“So, we need to innovate afresh. For example, braille note takers in India cost one-tenth of their US counterparts with similar features," says Sundaram.
Thane startup Innovision came up with a refreshable braille device that the visually impaired can hook up to a smartphone or laptop. This is far more affordable than imported ones.
“A good prosthetic leg costs ₹7.5 lakh, but an Indian one using material that’s not carbon fibre costs ₹50,000 and gives the same K3 level of mobility," points out Sundaram. K levels of mobility, ranging from 0 to 5, are standards to describe a patient’s need and a prosthetic device’s capability.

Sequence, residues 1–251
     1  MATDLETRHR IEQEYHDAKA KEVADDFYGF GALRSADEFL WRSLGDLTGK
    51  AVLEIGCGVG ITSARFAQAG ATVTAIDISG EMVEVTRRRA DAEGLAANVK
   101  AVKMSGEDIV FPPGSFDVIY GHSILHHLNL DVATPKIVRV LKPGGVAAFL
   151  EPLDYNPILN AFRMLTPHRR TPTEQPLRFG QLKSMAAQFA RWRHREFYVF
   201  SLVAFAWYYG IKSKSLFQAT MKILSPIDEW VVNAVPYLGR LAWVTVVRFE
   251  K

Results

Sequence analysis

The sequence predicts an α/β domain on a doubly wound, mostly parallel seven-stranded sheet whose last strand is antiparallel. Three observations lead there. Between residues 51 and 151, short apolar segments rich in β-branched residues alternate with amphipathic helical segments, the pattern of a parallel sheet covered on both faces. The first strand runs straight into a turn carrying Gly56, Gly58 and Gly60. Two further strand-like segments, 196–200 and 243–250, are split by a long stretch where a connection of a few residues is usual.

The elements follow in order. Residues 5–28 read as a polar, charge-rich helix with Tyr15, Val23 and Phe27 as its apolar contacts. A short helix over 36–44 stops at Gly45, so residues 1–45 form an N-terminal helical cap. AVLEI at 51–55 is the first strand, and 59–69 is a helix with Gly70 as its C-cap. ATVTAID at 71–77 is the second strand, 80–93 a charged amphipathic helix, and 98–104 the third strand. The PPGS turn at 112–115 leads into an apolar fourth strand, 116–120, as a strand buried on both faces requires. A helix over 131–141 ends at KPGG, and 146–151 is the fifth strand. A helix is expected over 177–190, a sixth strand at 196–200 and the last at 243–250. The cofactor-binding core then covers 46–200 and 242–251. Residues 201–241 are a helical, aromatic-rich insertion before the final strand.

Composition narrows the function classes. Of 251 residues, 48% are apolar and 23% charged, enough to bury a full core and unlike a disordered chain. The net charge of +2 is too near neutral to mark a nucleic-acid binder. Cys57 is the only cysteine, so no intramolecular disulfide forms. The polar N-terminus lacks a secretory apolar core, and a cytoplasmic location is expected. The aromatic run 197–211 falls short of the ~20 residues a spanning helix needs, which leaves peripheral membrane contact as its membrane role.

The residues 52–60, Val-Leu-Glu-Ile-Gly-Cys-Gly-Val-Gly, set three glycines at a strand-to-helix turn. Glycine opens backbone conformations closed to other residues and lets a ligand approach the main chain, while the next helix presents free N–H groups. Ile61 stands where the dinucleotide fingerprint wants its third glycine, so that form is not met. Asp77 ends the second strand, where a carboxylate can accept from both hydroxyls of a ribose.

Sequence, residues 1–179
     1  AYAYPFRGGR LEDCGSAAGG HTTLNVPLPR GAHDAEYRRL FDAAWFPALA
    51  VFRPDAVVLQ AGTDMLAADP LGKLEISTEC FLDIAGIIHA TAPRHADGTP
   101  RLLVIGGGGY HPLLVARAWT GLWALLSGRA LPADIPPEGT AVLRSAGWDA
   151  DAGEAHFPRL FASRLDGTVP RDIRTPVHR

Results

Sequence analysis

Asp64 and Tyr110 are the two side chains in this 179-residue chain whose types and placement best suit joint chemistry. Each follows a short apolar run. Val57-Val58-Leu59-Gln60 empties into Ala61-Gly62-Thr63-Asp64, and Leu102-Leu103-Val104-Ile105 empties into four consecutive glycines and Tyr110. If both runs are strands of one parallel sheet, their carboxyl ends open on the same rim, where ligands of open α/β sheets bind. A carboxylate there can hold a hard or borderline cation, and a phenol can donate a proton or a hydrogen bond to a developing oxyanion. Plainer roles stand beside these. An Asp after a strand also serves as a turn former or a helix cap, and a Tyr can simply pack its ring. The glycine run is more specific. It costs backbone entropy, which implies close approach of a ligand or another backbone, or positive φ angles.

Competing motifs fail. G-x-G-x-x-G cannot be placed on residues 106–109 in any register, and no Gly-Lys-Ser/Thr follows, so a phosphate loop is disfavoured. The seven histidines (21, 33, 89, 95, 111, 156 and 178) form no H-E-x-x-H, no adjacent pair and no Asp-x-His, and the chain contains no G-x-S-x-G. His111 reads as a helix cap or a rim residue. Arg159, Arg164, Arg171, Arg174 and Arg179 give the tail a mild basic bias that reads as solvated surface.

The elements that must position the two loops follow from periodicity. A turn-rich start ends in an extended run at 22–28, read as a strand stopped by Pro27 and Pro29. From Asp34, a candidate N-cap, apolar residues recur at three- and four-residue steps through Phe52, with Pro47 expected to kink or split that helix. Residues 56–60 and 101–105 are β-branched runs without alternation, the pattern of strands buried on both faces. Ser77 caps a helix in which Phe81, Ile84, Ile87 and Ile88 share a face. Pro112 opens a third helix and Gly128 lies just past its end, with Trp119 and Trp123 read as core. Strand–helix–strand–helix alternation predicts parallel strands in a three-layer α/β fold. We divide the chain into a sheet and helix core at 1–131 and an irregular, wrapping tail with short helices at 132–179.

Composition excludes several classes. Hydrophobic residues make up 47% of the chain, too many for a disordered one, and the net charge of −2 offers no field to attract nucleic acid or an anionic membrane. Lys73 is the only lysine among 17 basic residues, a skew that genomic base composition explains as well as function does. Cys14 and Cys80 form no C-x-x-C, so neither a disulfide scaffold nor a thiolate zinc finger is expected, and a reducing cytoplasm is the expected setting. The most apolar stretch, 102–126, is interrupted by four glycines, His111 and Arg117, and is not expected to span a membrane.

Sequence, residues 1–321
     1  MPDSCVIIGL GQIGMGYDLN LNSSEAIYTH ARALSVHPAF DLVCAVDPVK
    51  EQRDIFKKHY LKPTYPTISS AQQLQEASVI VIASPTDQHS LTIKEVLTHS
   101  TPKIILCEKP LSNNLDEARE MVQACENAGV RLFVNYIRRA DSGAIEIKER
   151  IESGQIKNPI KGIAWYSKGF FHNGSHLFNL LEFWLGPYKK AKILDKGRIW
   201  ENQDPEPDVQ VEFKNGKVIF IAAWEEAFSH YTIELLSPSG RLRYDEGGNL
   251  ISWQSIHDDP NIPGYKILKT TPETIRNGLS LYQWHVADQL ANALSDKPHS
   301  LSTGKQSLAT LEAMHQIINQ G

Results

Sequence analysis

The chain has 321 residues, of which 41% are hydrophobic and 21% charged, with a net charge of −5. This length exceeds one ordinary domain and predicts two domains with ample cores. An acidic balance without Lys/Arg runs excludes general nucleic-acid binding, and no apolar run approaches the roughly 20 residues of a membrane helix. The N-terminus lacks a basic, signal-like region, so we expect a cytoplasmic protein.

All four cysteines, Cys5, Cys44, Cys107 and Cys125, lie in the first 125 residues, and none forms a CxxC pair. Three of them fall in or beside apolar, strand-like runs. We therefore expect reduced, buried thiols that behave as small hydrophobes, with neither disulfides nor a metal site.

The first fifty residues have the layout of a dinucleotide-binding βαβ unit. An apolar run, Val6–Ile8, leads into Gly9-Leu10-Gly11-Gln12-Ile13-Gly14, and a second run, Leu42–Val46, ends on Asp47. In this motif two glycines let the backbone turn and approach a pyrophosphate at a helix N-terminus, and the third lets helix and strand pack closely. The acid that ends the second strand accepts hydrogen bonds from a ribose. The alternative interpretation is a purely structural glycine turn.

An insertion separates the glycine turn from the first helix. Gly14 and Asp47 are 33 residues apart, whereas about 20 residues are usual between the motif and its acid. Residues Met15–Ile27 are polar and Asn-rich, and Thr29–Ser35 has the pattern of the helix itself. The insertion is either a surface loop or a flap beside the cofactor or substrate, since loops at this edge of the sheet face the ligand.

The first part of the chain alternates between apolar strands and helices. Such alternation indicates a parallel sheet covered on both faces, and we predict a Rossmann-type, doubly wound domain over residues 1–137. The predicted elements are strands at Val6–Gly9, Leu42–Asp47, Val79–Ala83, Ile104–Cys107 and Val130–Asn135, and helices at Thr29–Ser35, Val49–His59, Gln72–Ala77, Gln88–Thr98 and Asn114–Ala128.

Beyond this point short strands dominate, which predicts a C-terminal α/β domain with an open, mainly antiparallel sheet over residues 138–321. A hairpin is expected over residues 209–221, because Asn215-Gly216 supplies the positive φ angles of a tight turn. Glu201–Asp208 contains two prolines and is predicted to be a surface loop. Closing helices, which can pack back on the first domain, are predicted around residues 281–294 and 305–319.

Artilab’s incubator aims to help assistive tech startups develop business models and take their innovations to market in India as well as other markets with a similar context. It also provides lab facilities for prototyping of devices which often takes up a substantial amount of a startup’s time and resources.
Multiple stakeholders like health and educational institutions, government agencies, the corporate sector and tech innovators have to collaborate and share insights with the participation of disabled communities for assistive tech to become more widely accessible. New Delhi-based non-profit organization Varija Life, founded by Varija Bajaj, held a national ability summit earlier this month to create such a platform. Inclusivity is the core theme.
As Patnoe puts it: “After 18 years of technology with Sony, Apple and Google, I realized that I had done everything without thought for disability and accessibility. It ended up being my main day job."
Sumit Chakraberty is a Consulting Editor with Mint. Write to him at firstname.lastname@example.org